But whatever they may think of Barack’s relationship to the Civil Rights Movement, his victory speech last night bore the distinct character of someone who’s been studying the rhetorical style of Dr. Martin Luther King very closely.

Want more analysis of the Obama win?

The Black Snob

Mother Jones

The Nation

New York Times

The Politico

6 thoughts on “Iowa Part 2: Thoughts on Barack’s Victory

  1. Please bear with me a minute? I’m white, but my best friend in high school was black. She told me that I could never know what it’s like to be black unless I could live in her skin. She said we should celebrate our differences. To be totally honest, when I first started supporting Barack, I really never gave any thought to what his skin color was. I’m so happy America has grown up enough so that a black person can be president, but I support him because I agree with his ideals.

  2. kip – that’s great for you, pat on the back and all, but let’s not pretend you’re colorblind.

    and i also heard the MLK resemblance and am wondering if anyone has heard pundits’ comments on it…

  3. Hey, just came to your website. Enjoyed reading the entries — esp, the political ones RE the candidates this cycle.

    I’ll be in New Orleans for the CiC meeting next week, so lookin’ forward to meeting you then! 🙂 You, RJ, Jeremy, a good mix of other folks and I = much fun to be had in NOLA. 🙂

  4. Unrelated to my comment above, but kinda of related to your most-recent post on Obama, here’re some links to some post-Iowa writin’ in the “New Yorker”:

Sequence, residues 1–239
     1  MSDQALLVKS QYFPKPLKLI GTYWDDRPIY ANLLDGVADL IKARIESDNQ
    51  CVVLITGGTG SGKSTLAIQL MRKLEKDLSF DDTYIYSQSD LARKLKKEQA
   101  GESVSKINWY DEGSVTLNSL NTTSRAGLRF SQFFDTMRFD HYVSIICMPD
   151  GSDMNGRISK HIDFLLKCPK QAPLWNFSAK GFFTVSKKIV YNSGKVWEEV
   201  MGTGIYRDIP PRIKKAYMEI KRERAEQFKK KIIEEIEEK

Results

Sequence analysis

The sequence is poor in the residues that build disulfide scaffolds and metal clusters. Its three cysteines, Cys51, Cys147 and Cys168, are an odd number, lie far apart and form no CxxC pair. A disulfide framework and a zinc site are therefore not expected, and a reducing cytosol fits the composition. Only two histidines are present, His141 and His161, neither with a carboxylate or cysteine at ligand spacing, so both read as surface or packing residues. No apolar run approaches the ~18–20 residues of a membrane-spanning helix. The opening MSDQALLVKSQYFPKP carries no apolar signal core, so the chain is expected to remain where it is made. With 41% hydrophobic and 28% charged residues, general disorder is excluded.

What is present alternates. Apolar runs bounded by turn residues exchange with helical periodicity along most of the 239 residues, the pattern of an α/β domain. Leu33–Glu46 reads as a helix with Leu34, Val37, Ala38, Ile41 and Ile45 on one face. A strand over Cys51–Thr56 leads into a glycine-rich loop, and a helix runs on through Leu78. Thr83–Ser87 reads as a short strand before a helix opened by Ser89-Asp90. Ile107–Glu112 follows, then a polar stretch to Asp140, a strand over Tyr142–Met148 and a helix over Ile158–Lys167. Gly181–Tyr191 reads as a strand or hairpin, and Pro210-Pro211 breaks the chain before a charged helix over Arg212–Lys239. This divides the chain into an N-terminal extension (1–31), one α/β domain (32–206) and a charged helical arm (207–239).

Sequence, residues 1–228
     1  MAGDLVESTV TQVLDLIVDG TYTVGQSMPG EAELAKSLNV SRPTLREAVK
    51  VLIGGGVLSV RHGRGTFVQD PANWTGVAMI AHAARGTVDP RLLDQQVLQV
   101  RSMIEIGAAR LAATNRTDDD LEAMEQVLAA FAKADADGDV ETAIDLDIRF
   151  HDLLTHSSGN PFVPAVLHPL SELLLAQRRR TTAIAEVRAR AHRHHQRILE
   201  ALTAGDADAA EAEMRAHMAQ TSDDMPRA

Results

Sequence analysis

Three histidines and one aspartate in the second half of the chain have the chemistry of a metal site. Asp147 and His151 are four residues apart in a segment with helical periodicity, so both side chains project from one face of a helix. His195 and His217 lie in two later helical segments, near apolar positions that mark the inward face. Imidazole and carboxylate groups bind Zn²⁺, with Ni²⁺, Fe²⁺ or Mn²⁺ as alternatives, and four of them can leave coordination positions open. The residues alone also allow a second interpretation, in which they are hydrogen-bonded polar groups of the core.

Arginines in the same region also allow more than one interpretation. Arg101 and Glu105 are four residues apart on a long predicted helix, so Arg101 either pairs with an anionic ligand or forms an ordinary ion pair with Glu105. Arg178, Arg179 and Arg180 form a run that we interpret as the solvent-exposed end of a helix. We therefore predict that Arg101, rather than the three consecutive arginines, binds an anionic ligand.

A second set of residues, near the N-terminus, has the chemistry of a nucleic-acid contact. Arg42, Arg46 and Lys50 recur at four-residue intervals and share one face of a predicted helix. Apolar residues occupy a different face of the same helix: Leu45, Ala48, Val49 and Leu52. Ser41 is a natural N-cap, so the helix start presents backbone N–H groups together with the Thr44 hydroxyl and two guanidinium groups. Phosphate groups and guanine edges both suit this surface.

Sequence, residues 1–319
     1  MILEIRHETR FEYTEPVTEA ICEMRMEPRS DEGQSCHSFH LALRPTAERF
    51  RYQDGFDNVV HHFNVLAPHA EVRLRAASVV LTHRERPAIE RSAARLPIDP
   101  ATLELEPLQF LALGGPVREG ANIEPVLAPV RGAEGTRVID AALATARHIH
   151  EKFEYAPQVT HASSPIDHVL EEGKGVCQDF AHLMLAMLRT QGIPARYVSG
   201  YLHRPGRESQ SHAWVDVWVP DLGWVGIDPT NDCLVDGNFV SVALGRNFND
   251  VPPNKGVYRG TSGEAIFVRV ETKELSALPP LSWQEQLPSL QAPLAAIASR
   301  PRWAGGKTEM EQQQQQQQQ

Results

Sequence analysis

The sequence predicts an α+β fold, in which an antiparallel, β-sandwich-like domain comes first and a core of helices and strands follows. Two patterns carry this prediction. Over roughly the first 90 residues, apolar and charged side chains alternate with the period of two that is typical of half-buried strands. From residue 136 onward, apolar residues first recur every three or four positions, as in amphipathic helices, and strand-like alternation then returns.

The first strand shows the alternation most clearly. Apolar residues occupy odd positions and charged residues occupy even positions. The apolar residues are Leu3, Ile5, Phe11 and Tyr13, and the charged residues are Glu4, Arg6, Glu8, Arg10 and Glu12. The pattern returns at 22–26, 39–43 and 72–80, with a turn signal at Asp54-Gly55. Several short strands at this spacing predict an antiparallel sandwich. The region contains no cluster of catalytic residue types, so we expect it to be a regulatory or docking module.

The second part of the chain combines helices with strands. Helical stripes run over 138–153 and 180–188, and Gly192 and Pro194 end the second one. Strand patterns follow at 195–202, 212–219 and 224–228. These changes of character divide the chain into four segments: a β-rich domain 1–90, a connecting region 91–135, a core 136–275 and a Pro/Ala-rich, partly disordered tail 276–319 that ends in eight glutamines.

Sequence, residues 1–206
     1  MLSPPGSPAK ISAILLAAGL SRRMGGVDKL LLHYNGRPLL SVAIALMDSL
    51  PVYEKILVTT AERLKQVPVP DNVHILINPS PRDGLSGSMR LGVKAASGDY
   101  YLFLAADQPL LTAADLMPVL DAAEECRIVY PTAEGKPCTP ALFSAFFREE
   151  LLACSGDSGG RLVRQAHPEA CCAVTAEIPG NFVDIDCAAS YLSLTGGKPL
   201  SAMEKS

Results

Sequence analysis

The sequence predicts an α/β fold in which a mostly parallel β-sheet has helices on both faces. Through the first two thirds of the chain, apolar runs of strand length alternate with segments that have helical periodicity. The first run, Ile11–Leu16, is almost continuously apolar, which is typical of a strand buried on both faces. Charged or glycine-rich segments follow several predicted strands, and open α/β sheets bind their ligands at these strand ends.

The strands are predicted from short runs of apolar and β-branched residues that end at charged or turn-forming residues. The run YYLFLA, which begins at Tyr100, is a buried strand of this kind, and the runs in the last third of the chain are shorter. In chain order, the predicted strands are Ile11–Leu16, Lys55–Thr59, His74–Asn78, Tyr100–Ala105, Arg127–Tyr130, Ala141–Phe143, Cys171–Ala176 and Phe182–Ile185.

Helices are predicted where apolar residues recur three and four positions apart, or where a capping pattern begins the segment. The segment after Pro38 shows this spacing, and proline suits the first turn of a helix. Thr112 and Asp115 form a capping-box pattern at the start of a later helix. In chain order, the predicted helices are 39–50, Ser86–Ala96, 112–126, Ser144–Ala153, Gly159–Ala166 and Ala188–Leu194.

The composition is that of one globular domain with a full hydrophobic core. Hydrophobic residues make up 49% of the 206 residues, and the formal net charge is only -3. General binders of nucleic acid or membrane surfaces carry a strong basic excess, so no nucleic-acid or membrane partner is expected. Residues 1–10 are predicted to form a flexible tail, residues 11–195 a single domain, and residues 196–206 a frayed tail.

1) writer Ryan Lizza on Obama’s good night in Iowa and Hillary’s immediate future —

    2) political commentator Hendrick Hertzberg on the Obama victory speech (scroll down a few entries to find it) and on the likely result in NH —


    3) writer Jeffrey Toobin on the inherit racism of anti-“voter fraud” efforts —

  5. I heard the cadence of Dr. King as well. What a role model when it comes to oratory and message. The old guard definitely feels threatened because Obama won’t kiss butt. However, this is a new day.

    With all due respect to those who fought and died so that I can be here today, we need a new and fresh approach to the movement for equality & justice in America.


  6. I’m glad you brought up some of the more problematic aspects of the white media’s perception of Obama being a “uniter” – and perhaps his own intent on being seen this way. With all of the comparisons to MLK I worry that our community is pinning too much on Obama’s campaign and him himself as far as it representing some definitive moment in civil rights history. We may find that if he is elected civil rights struggles will actually become MORE difficult at the grassroots level because people will assume that if a black man can be elected president than racism truly is a thing of the past – although we know that is BS. Whites who are already skeptical of institutional racism will once again be able to abdicate responsibility for racism and blame black “pathology” and “laziness” for all the probs in our community.

Leave a Reply

Please log in using one of these methods to post your comment: Logo

You are commenting using your account. Log Out /  Change )

Google photo

You are commenting using your Google account. Log Out /  Change )

Twitter picture

You are commenting using your Twitter account. Log Out /  Change )

Facebook photo

You are commenting using your Facebook account. Log Out /  Change )

Connecting to %s